Osteochondrosis of the thoracic spine: description, symptoms, treatment

Thoracic spine injuries in osteochondrosis

A sedentary lifestyle, injury, or excessive physical activity can lead to disorders of the musculoskeletal system. To avoid complications, it is important to start treatment early in the process. To do this, you need to understand the causes and symptoms of the pathology.

a description of the disease and what its dangers are

Thoracic vertebral osteochondrosis is a chronic disease in which the cartilage located in the intervertebral space begins to show dystrophic changes. Pathological manifestations are reduced disc height and compression of intercostal nerve endings.

Thoracic osteochondrosis goes through several stages of development.

The first characteristic is the drying of the intervertebral disc, the loss of hardness and elasticity, and the appearance of cracks. The pain is mild and goes away after a little rest.

In the second stage, the disc height is reduced and the niche within the vertebra is filled with the nucleus pulposus, but does not extend beyond its boundaries. Muscles experience constant tension. A person complains of severe pain that subsides with rest.

The third stage is characterized by the exit of the nucleus pulposus over the edge and the cleft reaching the edge of the vertebral body. As a result, an intervertebral hernia is formed. Pain becomes constant.

In stage four, an overgrowth of connective tissue is found, putting pressure on nearby vertebrae. To compensate for the reduced layer, bone tissue begins to grow. More and more growths (osteophytes) appear.

Types and complications of thoracic osteochondrosis

Depending on the nature of the pain, there are two types of thoracic osteochondrosis:

  • Back pain, characterized by acute severe pain in the form of low back pain, located in the thoracic spine. This condition is accompanied by muscle tension, movement problems in the neck and chest area;
  • Back pain, in which the pain increases slowly. Inhalation and rotation of the torso, as well as holding in one position for extended periods of time, can increase discomfort. The discomfort deepens at night and disappears while hiking.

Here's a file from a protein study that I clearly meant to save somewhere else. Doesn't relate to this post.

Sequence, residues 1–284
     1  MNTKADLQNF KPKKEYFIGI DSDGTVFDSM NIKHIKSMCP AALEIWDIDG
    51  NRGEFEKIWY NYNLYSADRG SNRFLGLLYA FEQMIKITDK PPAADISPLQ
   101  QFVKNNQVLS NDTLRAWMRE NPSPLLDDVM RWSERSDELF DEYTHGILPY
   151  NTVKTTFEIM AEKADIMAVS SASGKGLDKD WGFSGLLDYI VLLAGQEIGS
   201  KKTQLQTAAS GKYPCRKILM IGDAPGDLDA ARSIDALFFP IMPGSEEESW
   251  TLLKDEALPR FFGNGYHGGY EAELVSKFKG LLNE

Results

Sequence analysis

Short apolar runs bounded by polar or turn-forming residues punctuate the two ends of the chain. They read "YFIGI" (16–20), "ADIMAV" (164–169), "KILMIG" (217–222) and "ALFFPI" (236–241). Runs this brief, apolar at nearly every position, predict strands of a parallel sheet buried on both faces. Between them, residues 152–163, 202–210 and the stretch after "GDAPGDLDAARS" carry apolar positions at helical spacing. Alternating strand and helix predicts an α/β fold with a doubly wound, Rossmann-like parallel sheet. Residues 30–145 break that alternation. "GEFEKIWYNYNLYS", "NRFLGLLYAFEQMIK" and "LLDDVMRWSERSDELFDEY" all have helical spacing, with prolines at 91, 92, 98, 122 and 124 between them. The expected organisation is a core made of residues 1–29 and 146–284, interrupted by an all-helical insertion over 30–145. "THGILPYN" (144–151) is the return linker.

In the absence of proper treatment, the nerve endings are increasingly compressed. Therefore, thoracic osteochondrosis can cause complications:

  • renal pathology;
  • Digestive system diseases;
  • Do not move;
  • persistent pain;
  • interruption of cardiac activity;
  • intervertebral hernia;
  • decreased ability to conceive;
  • The work of the lungs caused by the growth of connective tissue is violated.

Why does thoracic spine disease occur?

This part of the spine is subject to moderate loads and limited mobility. However, pathology is common. The disorder may be caused by one or more of these causes:

  • injury and damage;
  • Overburdened sectors, including in childhood;
  • Age-related changes associated with decreased nutrition of the disc tissue between the vertebrae;
  • endocrine disorders, especially menopause;
  • age-related calcium absorption disorders;
  • being overweight;
  • vascular problems, atherosclerotic deposits in the blood vessels of the chest;
  • Weak muscle corset.

how pathology manifests

Symptoms of thoracic osteochondrosis are pain and increased muscle tone. The pain can be short-term low back pain or long-term pain. Recoil can be felt in the front chest, under the ribs, and in the shoulders. Holding one position for long periods of time can worsen the pain.

A characteristic hallmark of pathology is sensitivity to palpation of the spinous processes of the thoracic spine.

Symptoms of thoracic osteochondrosis are similar to those of other conditions, including:

  • Discomfort in the heart area, pain reminiscent of angina;
  • Soreness and shortness of breath when breathing, also manifested as pneumonia, tuberculosis, obstructive pulmonary disease;
  • Pain in the upper abdomen below the ribs, similar to signs of gastrointestinal disease.

Treatment of thoracic osteochondrosis

If you complain, you should contact a neurologist. Treatment includes medication, physical therapy, exercise therapy, and massage.

Among these drugs, doctors prescribe:

  • Devices for eliminating inflammatory lesions of the spine;
  • Medications that reduce muscle tone and the risk of pinching the sensitive roots of the spinal cord;
  • A neuroprotective agent designed to help restore nerve fibers.

Selection and dosage are at the discretion of the physician, who will take into account drug tolerance, comorbidities, and patient weight.

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Physical therapy includes:

  • Bikinetic therapy, i. e. electric current therapy to relax muscles and reduce pain;
  • Painkillers electrophoresis;
  • Magnetic therapy relieves discomfort and swelling.

Massage should be done with care, using friction techniques. The area below the shoulder blades and between the ribs should be handled carefully. For the look of the effect, at least 10-15 sessions are required.

In physiotherapy exercises, the focus is on strengthening the muscles of the corset, neck and lower back.

Topical prescription creams and gels, warming patches, needle applicators with anti-inflammatory properties.